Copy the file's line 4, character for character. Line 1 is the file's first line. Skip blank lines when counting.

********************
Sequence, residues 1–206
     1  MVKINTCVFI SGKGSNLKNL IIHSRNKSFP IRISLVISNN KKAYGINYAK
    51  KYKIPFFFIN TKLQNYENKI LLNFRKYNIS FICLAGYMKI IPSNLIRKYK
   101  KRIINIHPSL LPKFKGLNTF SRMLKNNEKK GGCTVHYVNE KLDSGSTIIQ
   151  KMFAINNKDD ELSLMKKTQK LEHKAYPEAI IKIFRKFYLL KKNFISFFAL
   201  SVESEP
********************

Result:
   101  KRIINIHPSL LPKFKGLNTF SRMLKNNEKK GGCTVHYVNE KLDSGSTIIQ